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Publication numberUS5166827 A
Publication typeGrant
Application numberUS 07/602,647
Publication dateNov 24, 1992
Filing dateOct 24, 1990
Priority dateOct 27, 1989
Fee statusPaid
Also published asDE4034027A1, DE4034027C2
Publication number07602647, 602647, US 5166827 A, US 5166827A, US-A-5166827, US5166827 A, US5166827A
InventorsSatoshi Noda
Original AssigneeOlympus Optical Co., Ltd.
Export CitationBiBTeX, EndNote, RefMan
External Links: USPTO, USPTO Assignment, Espacenet
Gradient index optical element
US 5166827 A
Abstract
A gradient index optical element includes a first metal which is at least one kind of metal selected from the metals of Group A each having the content of 10-40 mol % in terms of oxide and a second metal which is at least one kind of metal selected from the metals of Group B each having the content of 2-15 mol % in terms of oxide, in which the first and second metals are distributed so that the concentration of one of said first and second metals increases from the center of the optical element toward the periphery and that of the other decreases. Hence, the gradient index optical element has an important advantage in practical use that the correction for chromatic aberration is excellent, that is, the Abbe's number increases as the refractive index becomes great.
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Claims(7)
What is claimed is:
1. A gradient index optical device comprising an optical element including a first metal which is at least one kind of metal selected from the group of Ba, La, Sr, Ca, Ge, Zr, Y, and Zn each having the content of 10-40 mol % in terms of oxide and a second metal which is kind of metal selected from the group of Ta, Nb, Pb, Ti, Bi, Zn, and Zr each having the content of 2-15 mol % in terms of oxide, wherein said first and second metals are selected so as to be different from one another, and wherein said optical element has a concentration distribution such that concentration of one of said first and second metals increases and the concentration of the other decreases from a surface of said optical element toward the interior of the optical element.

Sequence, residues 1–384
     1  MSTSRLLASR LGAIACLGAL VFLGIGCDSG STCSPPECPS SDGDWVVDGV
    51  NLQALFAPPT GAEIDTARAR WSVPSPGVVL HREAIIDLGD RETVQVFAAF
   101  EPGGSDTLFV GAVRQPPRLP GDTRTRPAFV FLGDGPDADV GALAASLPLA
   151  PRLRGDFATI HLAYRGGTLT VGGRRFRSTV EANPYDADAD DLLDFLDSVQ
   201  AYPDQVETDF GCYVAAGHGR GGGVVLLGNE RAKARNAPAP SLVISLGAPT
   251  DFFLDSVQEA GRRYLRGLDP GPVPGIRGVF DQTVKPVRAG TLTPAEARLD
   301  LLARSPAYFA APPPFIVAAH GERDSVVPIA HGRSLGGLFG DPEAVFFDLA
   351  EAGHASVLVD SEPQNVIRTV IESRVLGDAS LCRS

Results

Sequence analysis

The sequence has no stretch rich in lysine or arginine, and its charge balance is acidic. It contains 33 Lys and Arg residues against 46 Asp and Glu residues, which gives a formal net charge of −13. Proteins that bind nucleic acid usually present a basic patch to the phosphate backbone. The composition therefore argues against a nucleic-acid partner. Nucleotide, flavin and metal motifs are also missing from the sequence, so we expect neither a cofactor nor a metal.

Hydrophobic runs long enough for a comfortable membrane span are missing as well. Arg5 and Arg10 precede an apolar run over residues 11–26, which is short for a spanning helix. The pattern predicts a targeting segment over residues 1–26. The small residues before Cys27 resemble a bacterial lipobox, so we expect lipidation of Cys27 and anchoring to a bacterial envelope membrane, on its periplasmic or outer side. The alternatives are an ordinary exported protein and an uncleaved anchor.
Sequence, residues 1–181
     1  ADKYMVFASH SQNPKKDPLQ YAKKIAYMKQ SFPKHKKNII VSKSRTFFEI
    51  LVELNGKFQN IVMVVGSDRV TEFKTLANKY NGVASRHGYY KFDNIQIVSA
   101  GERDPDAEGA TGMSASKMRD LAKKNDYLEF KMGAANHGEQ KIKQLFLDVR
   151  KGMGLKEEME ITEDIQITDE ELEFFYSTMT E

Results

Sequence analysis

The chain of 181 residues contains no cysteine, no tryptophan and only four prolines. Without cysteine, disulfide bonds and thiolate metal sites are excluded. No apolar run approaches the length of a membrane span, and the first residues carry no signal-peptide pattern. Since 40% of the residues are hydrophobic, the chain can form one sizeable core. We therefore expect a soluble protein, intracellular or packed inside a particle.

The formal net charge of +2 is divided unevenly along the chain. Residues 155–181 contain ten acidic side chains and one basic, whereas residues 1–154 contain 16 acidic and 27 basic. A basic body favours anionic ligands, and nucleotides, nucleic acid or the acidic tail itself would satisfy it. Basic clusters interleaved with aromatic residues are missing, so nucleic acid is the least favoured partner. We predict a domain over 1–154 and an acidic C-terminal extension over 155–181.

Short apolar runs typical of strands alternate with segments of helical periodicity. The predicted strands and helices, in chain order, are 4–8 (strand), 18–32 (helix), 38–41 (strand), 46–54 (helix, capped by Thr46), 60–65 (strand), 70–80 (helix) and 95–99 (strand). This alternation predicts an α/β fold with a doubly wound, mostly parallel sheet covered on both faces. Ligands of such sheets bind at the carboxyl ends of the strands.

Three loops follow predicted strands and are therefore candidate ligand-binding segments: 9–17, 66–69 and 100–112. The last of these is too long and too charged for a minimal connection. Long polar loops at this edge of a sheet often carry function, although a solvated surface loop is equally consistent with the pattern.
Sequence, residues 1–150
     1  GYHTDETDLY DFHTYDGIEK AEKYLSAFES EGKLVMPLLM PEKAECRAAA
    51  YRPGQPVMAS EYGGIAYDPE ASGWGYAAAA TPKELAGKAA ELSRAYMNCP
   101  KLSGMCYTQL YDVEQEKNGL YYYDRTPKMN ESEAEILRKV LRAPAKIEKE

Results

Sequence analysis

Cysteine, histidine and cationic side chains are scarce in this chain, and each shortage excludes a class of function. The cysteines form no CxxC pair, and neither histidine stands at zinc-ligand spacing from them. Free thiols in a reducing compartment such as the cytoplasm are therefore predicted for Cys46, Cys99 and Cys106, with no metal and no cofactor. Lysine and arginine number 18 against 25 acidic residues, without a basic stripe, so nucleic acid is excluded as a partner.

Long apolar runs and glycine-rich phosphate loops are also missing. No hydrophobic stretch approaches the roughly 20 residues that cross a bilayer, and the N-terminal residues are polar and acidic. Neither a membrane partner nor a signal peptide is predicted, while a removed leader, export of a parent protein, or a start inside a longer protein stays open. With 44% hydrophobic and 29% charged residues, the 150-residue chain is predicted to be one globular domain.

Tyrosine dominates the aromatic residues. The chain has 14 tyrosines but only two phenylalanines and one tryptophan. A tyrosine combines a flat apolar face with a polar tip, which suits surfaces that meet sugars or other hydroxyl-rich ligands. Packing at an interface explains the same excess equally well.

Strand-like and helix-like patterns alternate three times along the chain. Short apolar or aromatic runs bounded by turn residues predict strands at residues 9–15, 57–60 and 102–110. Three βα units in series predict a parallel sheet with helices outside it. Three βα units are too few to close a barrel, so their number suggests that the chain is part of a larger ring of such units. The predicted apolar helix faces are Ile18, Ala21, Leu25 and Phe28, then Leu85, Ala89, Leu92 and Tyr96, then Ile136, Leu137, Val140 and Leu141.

2. The gradient index optical device according to claim 1, wherein said optical element is a radial gradient index optical element such that a refractive index changes in a radial direction of said optical element, wherein said first metal is distributed so that the concentration decreases parabolically from a center of said optical element toward a periphery thereof and said second metal is distributed so that the concentration increases parabolically from the center toward the periphery.
3. The gradient index optical device according to claim 1, wherein said optical element is a radial gradient index optical element such that a refractive index changes in a radial direction of said optical element wherein said first metal is distributed so that the concentration increases parabolically from a center of said optical element toward a periphery thereof and said second metal is distributed so that the concentration decreases parabolically from the center toward the periphery.
4. The gradient index optical device according to claim 1, wherein said optical element is an axial gradient index optical element such that a refractive index changes in an axial direction of said optical element, wherein one of said first metal and said second metal is distributed so that the concentration increases from a surface of the said optical element toward the interior thereof and the other is distributed so that the concentration decreases from the surface toward the interior.
5. The gradient index optical device according to any one of claims 2, 3 or 4, wherein said first metal and said second metal each comprise a single metal.
6. The gradient index optical device according to any one of claims 2, 3 or 4, wherein said first metal and said second metal each comprise a plurality of metals.
7. The gradient index optical device according to any one of claims 2, 3 or 4, satisfying the following conditions:
0.02<|Δn|<0.2
0<|Δν|<18.
Description
BACKGROUND OF THE INVENTION